The Apostle Paul, in many places, asserts this truth. Thus Rom. viii. 8. So then they that are in the flesh cannot please God. Flesh here denotes the same as the minding of the flesh, ver. 6. i. e. the unregenerate state of man. All who are in this state cannot please God, and the reason is, because they have no faith in the Mediator; for, as St. John saith, Whosoever believeth that Jesus is the Christ, is born of God, 1 John, v. 1. So, on the contrary, those who are not born of God do not believe. Therefore, unregenerate and unbelievers, are terms convertible; and, therefore, of these latter, as well as the former, the apostle affirms, that they cannot please God; he does not say, they cannot so easily, they cannot so exactly, they cannot so perfectly; but he speaks simply and absolutely, they cannot; to let us know they cannot please him in any measure or degree, Let them do what they will or can, still so long as unbelief is in their hearts, this poisons all their services, and makes their best works unacceptable and offensive to Almighty God.

So, again, chap. xiv. ver. 23. Whatsoever is not of faith is sin. Whatsoever work or action does not

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spring out of faith,* as the fruit out of the tree, is sin, and so, consequently, must be displeasing to our heavenly Father. It is true, the holy apostle delivers this sentence particularly, concerning eating divers or all kinds of meats, which some weak christians lately converted from Judaism scrupled; the divine teacher, therefore, here admonishes such scrupulous persons to abstain, informing them, that since they questioned the lawfulness of it, it would be sin in them to eat; although to others, who had no doubt or scruple concerning it, it would be no sin at all, ver. 2-23. But then we are also to observe, that the apostle lays this down as a general maxim in christian divinity, and, accordingly, we are to take it in a large sense; and so it teacheth us, that all our good works without faith are nothing worth ; they are sinful, yea, sin itself, saith the apostle. And I remember the Church of England in one of her Homiliest makes this use and application of this text.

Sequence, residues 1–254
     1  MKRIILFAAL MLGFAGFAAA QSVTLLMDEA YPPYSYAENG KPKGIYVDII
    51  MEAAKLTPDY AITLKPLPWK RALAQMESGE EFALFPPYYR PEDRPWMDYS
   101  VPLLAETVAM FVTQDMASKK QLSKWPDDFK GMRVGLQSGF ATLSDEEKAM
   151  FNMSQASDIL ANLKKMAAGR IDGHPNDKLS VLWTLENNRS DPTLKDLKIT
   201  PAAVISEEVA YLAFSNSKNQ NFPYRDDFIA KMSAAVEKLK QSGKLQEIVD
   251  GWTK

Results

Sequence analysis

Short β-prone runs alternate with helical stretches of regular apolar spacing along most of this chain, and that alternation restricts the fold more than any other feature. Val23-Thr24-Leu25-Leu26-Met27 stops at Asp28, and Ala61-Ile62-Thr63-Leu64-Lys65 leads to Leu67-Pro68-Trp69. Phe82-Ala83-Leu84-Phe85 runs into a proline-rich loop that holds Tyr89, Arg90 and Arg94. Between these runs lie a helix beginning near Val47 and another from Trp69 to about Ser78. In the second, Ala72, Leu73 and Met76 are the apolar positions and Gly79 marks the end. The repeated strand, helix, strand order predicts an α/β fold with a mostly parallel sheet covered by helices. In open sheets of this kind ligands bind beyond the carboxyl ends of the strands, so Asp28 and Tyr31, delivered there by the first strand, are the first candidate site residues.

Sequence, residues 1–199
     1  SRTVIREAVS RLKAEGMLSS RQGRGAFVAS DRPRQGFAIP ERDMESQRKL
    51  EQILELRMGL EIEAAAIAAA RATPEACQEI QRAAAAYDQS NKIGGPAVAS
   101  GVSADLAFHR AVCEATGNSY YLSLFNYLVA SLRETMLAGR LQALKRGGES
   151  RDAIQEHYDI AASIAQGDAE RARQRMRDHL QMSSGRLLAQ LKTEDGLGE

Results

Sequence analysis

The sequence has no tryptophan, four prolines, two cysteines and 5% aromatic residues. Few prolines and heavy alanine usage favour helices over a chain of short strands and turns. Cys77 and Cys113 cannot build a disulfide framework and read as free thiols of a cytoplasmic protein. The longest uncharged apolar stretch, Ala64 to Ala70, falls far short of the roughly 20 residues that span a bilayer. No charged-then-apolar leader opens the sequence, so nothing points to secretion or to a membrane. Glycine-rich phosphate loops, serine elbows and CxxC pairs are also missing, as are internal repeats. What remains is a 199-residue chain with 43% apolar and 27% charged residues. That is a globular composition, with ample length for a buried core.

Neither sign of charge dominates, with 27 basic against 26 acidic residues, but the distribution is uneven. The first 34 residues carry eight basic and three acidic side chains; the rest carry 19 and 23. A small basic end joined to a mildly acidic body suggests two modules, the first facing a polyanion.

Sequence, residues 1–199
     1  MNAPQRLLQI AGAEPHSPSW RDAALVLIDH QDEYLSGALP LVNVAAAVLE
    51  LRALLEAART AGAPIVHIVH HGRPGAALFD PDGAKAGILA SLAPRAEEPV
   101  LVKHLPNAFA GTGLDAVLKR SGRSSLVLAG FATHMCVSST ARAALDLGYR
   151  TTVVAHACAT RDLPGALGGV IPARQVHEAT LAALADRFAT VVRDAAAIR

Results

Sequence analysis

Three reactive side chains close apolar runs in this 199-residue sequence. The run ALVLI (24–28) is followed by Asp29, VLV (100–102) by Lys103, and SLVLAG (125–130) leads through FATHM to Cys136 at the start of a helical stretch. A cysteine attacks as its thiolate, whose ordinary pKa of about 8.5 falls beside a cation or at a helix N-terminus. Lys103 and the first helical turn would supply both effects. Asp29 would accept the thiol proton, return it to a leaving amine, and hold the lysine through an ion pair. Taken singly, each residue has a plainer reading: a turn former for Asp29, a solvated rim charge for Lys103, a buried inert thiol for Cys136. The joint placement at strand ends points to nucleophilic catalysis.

The same infallible Author speaks the same language, Heb. xi. 6. But without faith it is impossible to please him, viz. God. The apostle, in the words foregoing, had testified that Enoch pleased God; whence it inevitably follows, that he must have been a believer in Christ, for without faith in him it is

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* Εκ Πεσεω

+ Of Good Works.

absolutely impossible to please God. And, as Enoch could not please God without faith, so neither can any other person. This, therefore, is universally true, that none of our services, how specious or perfect soever they may seem, can please God, if they are not done in the faith of Christ. And, thus, I think I have said enough, to prove and establish iny first proposition. This, and the forementioned my texts, evidently declare, that no good works, acceptable to God, can possibly be done by us, before we believe in the Saviour, and are justified.

From what has been said, we infer,

I. The necessity of faith in the Redeemer.

II. The utter impossibility of justification by works.

I. How necessary is faith in the Redeemer? Neither our persons, nor our services, are accepted of God without it. How earnestly then should we seek after this grace? How unwearied should we be in the pursuit of it? All the good works you do are displeasing to God, unless they spring from a living principle of faith in Christ Jesus our Lord. Never, therefore, give any rest to your soul, till you find this gracious principle wrought in you. Cry day and night to God, to implant it in your heart. is faith in Christ, which recommends both our persons and our performances, to the acceptance of our